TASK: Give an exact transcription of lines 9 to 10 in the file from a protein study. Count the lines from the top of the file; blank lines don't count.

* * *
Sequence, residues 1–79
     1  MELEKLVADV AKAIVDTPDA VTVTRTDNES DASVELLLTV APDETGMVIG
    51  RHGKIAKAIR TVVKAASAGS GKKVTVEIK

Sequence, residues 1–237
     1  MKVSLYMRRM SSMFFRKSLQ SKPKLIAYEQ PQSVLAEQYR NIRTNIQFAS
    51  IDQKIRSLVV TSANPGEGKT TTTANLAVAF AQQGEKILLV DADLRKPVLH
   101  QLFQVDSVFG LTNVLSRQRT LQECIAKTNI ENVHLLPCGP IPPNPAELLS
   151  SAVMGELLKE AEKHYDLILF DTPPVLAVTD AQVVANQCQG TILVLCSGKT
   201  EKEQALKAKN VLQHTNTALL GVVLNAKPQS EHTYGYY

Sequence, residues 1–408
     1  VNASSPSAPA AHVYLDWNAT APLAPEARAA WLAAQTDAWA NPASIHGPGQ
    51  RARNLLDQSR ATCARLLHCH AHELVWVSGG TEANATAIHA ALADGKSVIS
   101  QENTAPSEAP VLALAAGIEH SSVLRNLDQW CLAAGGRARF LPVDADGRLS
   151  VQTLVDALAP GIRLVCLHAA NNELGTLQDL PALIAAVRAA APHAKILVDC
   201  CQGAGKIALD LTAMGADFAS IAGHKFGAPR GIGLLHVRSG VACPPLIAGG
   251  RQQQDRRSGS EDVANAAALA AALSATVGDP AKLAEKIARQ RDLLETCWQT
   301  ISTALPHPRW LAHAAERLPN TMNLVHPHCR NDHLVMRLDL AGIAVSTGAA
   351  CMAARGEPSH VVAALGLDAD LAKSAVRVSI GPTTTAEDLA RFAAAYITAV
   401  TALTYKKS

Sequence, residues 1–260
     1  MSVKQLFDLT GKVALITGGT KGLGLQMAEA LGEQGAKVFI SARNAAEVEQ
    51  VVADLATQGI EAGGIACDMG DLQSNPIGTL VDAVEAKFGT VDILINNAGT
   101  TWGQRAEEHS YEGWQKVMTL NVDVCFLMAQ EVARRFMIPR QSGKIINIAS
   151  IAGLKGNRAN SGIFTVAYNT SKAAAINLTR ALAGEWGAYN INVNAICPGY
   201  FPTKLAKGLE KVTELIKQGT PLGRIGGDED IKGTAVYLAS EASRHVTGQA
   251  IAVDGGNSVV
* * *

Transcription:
   201  EKEQALKAKN VLQHTNTALL GVVLNAKPQS EHTYGYY

Sequence, residues 1–408